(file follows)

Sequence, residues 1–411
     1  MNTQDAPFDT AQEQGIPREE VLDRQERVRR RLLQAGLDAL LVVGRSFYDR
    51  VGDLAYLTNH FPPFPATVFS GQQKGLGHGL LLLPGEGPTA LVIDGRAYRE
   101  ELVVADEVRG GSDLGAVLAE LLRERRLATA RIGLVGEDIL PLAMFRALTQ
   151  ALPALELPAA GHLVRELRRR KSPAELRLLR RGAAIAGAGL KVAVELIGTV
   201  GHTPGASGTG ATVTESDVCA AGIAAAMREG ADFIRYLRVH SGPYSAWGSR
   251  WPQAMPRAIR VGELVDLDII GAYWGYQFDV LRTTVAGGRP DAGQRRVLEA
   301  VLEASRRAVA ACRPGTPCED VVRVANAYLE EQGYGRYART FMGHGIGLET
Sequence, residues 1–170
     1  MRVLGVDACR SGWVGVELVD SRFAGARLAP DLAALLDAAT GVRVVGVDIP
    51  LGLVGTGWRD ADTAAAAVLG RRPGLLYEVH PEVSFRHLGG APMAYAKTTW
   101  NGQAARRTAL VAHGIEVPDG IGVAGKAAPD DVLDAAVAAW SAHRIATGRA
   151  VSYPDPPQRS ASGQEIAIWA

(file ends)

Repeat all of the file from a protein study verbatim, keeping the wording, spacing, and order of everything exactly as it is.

Sequence, residues 1–411
     1  MNTQDAPFDT AQEQGIPREE VLDRQERVRR RLLQAGLDAL LVVGRSFYDR
    51  VGDLAYLTNH FPPFPATVFS GQQKGLGHGL LLLPGEGPTA LVIDGRAYRE
   101  ELVVADEVRG GSDLGAVLAE LLRERRLATA RIGLVGEDIL PLAMFRALTQ
   151  ALPALELPAA GHLVRELRRR KSPAELRLLR RGAAIAGAGL KVAVELIGTV
   201  GHTPGASGTG ATVTESDVCA AGIAAAMREG ADFIRYLRVH SGPYSAWGSR
   251  WPQAMPRAIR VGELVDLDII GAYWGYQFDV LRTTVAGGRP DAGQRRVLEA
   301  VLEASRRAVA ACRPGTPCED VVRVANAYLE EQGYGRYART FMGHGIGLET
Sequence, residues 1–170
     1  MRVLGVDACR SGWVGVELVD SRFAGARLAP DLAALLDAAT GVRVVGVDIP
    51  LGLVGTGWRD ADTAAAAVLG RRPGLLYEVH PEVSFRHLGG APMAYAKTTW
   101  NGQAARRTAL VAHGIEVPDG IGVAGKAAPD DVLDAAVAAW SAHRIATGRA
   151  VSYPDPPQRS ASGQEIAIWA